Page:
CPM Report
In the case of LMS, CRS technologies may yield significant benefits by providing increased spectral efficiency of existing spectrum and mitigate the problem of congestion Common Concern within ITU-R
Potection of existing services from potential interference from the services implementing CRS technology, especially from the dynamic spectrum access capability of CRS. Any system of a specific service using CRS in a frequency band allocated to that service should be operated in accordance with the provisions of the Radio Regulations and administration rules.

CPM Report
Deployment Scenarios:
Use of CRS technology to guide reconfiguration of connections between terminals and multiple radio systems
Use of CRS technology by an operator of radiocommunication systems to improve the management of its assigned spectrum resources Use of CRS technology as an enabler of cooperative spectrum access Use of CRS technology as an enabler of opportunistic spectrum access

CPM Report
CRS challenges and opportunities
Some concerns with respect to the use of the CRS technology to

dynamically access the spectrum for the band exclusively allocated to Passive services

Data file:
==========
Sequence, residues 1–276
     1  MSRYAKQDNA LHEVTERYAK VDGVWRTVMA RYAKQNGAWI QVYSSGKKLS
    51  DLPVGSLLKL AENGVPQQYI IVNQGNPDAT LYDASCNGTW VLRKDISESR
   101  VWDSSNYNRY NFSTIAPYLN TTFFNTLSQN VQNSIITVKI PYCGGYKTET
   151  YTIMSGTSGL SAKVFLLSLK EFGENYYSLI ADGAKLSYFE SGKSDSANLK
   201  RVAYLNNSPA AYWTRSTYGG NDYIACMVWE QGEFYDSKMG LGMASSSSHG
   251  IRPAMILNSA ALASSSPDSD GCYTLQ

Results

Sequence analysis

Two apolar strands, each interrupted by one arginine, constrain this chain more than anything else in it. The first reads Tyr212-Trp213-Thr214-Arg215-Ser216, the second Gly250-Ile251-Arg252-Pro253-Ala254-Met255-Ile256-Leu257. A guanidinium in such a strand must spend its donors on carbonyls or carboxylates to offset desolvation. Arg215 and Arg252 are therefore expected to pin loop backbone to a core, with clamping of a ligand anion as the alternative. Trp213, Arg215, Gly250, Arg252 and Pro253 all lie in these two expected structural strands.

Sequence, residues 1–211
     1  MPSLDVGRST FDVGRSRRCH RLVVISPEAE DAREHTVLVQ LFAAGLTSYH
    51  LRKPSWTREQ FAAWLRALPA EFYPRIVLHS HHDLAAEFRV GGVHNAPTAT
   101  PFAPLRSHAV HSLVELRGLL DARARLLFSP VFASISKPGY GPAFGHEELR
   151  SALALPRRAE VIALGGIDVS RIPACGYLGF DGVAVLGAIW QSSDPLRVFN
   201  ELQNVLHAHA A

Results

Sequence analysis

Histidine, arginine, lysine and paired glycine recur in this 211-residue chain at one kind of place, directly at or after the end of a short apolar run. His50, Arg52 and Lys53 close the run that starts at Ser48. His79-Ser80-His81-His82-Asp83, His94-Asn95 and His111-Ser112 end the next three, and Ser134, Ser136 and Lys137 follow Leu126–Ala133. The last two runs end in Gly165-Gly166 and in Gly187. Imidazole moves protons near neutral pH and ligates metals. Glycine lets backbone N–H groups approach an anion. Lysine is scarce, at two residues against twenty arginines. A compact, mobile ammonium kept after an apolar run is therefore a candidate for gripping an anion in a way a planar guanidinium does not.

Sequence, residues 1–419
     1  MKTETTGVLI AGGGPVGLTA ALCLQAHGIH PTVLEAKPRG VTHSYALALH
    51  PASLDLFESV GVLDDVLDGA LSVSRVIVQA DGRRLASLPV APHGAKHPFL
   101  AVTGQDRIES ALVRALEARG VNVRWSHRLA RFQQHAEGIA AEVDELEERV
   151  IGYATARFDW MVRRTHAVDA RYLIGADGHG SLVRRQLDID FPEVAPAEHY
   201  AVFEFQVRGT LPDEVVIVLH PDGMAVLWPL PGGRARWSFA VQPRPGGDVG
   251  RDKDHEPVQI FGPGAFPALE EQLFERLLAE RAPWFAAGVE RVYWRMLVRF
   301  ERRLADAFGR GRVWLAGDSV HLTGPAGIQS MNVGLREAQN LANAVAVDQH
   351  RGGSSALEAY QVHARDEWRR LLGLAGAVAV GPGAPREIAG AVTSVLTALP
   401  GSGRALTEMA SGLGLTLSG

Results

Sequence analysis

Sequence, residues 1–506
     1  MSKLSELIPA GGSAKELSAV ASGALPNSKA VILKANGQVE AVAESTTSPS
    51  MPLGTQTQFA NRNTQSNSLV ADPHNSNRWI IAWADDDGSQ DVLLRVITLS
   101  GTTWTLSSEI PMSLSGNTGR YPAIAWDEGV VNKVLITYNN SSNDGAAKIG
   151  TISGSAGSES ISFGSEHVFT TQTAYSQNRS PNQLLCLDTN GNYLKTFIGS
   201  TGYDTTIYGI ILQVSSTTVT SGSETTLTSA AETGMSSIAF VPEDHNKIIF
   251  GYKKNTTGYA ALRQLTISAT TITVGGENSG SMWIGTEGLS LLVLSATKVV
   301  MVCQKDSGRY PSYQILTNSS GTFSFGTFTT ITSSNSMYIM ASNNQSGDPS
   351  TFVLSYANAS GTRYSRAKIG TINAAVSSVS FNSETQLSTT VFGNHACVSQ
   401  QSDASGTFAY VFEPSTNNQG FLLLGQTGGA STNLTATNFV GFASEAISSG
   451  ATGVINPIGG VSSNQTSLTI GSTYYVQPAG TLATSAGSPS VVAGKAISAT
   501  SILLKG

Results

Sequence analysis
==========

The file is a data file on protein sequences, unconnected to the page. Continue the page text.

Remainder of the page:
Satellite operators in the EESS using passive sensors Interference avoidance to FSS and BSS (detection of receive-only terminals and use of database) Any use of CRS technologies for safety-of-life operations The hidden node problem by fading and shadowing effects
A CRS station to obtain the proper authorization from the relevant Administration prior to the use of the spectrum.

CPM Report
CRS capabilities and their applicability to facilitate coexistence in shared bands
spectrum sensing capability including collaborative and cooperative sensing; positioning capability of the transmitters and receivers (geo- location); a ccess to information on the spectrum usage, local regulatory requirements and policies, e.g. through access to a database or access to a logical or physical cognitive pilot channel; capabilities to adjust operational parameters based on the obtained knowledge.